Today, Google published a blog post in response, saying, “Although we did our best to reach an agreement in the best interests of our users, Roku was in bad faith terminated our deal amid our negotiations. Unfortunately, Roku has been involved in this often. With other streaming providers, “Google has completely denied Roku’s claims that Google wants user data and wants to modify its search, saying that. “For the sake of clarity, we have never made any requests to access user data or interfere with their alleged search results. This claim is unfounded and false.”
411 on the AV1
While these talks are likely to involve YouTube TV’s $ 65-per-month cable replacement service, Google says Roku “opted to use this as an opportunity to negotiate a separate deal that includes the parent app.” Of YouTube, which will not expire until December “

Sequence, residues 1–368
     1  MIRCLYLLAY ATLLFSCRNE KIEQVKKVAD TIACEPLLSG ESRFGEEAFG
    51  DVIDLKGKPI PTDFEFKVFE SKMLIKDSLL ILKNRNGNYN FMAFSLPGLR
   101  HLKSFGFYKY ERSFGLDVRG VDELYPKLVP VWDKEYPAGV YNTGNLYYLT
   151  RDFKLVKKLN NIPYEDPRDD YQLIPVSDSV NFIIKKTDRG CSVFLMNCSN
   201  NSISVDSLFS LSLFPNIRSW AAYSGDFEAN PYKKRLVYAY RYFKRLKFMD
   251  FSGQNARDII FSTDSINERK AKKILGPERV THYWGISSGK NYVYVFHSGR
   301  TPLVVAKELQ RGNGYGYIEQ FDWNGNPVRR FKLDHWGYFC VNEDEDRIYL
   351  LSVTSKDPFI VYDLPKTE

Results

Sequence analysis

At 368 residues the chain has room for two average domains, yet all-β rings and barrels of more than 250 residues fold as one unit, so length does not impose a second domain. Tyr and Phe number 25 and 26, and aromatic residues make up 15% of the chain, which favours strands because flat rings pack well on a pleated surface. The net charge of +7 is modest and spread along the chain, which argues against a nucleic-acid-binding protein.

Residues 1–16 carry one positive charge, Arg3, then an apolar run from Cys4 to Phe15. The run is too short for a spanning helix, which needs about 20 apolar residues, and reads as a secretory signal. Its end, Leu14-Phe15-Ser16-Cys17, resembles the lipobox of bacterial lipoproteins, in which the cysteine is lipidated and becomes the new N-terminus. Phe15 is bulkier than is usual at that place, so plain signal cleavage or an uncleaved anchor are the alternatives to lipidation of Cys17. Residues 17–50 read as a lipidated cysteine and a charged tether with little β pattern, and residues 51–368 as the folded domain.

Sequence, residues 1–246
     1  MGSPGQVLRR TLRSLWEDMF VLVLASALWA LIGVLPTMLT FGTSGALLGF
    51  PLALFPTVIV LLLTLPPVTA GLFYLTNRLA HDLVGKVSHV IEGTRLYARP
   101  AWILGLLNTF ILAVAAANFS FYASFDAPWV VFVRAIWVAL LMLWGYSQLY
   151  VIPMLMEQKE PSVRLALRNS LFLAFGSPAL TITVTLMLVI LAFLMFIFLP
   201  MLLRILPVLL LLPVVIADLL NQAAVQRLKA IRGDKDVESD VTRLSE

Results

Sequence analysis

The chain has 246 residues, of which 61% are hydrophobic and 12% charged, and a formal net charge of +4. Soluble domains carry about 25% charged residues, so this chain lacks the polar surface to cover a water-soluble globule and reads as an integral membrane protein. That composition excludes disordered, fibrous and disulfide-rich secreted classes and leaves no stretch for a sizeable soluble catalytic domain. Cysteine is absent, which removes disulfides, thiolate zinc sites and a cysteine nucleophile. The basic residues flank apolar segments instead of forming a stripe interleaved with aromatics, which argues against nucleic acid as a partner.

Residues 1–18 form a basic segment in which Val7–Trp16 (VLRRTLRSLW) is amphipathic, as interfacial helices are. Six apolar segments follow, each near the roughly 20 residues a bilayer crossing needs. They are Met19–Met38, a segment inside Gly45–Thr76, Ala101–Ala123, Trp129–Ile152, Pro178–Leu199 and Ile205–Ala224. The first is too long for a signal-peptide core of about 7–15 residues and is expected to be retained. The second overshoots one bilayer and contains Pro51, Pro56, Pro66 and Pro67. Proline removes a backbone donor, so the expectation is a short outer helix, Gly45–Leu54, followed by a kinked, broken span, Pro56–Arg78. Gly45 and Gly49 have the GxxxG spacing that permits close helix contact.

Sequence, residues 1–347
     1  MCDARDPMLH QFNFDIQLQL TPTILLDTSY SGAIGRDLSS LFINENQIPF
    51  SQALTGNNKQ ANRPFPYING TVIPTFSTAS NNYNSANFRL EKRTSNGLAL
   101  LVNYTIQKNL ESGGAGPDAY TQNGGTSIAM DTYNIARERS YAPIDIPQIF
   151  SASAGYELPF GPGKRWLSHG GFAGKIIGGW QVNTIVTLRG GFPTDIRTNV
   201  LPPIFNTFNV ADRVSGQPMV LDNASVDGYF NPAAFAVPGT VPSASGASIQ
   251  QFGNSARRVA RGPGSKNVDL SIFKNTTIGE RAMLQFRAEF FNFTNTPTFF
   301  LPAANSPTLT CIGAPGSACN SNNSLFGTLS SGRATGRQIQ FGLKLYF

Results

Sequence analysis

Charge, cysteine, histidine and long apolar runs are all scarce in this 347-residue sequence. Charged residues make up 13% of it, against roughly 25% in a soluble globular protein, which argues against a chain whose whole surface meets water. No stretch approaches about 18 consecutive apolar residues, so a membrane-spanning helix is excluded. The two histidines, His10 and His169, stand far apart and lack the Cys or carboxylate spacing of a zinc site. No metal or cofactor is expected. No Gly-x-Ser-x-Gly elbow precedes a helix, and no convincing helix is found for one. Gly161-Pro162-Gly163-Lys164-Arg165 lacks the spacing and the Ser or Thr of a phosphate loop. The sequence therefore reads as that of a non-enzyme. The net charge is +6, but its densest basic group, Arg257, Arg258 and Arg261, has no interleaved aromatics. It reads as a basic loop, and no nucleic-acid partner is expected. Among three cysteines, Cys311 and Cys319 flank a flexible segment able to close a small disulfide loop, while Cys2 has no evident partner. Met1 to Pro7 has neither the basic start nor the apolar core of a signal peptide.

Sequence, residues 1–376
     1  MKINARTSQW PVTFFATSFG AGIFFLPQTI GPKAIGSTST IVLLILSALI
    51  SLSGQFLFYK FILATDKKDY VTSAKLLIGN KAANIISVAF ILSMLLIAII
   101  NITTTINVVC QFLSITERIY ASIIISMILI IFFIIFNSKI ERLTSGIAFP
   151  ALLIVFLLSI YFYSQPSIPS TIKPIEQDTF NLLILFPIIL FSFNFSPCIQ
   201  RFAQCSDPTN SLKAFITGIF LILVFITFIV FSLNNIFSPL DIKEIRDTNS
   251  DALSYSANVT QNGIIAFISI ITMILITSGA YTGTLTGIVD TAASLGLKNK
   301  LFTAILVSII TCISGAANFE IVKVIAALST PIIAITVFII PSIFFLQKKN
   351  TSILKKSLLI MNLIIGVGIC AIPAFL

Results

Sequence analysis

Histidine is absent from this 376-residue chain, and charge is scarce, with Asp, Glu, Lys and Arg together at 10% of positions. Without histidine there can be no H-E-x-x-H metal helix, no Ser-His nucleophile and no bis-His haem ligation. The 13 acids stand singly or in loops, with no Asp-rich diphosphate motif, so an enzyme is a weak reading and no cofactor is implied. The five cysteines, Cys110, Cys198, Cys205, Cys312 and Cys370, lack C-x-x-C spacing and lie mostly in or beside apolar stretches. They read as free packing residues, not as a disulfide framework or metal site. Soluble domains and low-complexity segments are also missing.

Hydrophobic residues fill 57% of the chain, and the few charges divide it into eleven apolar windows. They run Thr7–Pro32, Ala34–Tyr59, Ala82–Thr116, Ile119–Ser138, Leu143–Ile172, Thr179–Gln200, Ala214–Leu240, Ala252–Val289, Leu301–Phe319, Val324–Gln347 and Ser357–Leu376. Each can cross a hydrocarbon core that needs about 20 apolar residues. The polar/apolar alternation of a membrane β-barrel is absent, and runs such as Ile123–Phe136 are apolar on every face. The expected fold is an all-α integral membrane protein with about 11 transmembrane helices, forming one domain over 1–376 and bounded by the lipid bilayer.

The statements from Google and Roku seem to be beating back and forth over the issue of AV1 video codec support, previously reported by the protocol exposed, are at the heart of the dispute. Roku accepts hardware terms that will increase the cost of consumers, “as Google said,”[o]Your agreement with partners contains technical requirements to ensure a high-quality experience on YouTube. “
Google continues, “Roku requests exceptions that will destroy the YouTube experience and limit our ability to update YouTube to fix problems or add new features, for example the lack of support for open video codecs. You won’t be able to watch YouTube in 4K HDR or 8K, even if you buy a Roku device that supports that resolution. ”It’s unclear why no one can write” AV1 “in a blog post. But this statement is about upcoming video codecs.